Consider the estimated 200 million women alive today who have suffered genital mutilation. Or the approximately 650 million women and girls worldwide who were made to marry before they were 18-years-old. Thousands of women and girls are murdered by family members in so-called honour killings each year, as a punishment for exercising their own free will. And when thousands of Sudanese women took to the streets of Khartoum calling for free elections in their country this summer, the order went out to ‘break the girls’, leading to scores of alleged rapes by security forces.

None of this is to dismiss or downplay for an instant the terrible abuses against men and boys – including modern allegations of witchcraft. But looking across the world, we have to ask, ‘Why is so much energy expended to keep women in a secondary position?’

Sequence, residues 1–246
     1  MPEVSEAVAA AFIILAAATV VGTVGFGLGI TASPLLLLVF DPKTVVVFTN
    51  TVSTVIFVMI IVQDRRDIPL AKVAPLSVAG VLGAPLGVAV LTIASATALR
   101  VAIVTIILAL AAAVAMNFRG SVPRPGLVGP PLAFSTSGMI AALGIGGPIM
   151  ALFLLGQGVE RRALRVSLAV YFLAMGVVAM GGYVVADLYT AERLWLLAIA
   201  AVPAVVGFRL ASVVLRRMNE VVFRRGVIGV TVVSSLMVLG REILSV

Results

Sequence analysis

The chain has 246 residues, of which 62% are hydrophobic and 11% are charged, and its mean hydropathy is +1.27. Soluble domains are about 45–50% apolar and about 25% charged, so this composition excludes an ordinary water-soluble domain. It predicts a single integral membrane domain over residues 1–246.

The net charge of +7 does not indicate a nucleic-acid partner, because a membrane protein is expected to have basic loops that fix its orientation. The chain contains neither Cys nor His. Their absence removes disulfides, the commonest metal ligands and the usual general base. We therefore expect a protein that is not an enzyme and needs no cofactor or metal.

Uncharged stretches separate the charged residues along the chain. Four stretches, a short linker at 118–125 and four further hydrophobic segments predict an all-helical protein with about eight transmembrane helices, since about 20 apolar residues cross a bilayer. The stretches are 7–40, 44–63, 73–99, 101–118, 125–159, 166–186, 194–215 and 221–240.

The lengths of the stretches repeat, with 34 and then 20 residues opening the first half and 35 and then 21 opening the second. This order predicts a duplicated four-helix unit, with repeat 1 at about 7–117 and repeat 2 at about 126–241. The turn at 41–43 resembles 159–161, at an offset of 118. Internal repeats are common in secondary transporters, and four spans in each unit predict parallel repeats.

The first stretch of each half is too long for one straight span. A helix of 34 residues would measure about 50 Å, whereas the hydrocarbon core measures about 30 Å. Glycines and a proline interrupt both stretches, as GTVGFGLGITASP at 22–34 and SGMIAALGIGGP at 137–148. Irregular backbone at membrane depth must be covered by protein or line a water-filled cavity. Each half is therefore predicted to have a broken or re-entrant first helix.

Angelina Jolie LouisvuittonShop UK September 2019
ALEXI LUBOMIRSKI

Looked at in this light, ‘wicked women’ are just women who are tired of injustice and abuse. Women who refuse to follow rules and codes they don’t believe are best for themselves or their families. Women who won’t give up on their voice and rights, even at the risk of death or imprisonment or rejection by their families and communities.

If that is wickedness, then the world needs more wicked women.

But it is also true that women don’t wake up every morning wanting to fight. We want to be able to be soft and nurturing and graceful and loving – not everyone is born to fight. And we don’t have magical powers. What we do have is the ability to support one another, and to work with the many great men who value and respect women as their equals.

‘Why is so much energy expended to keep women in a secondary position?’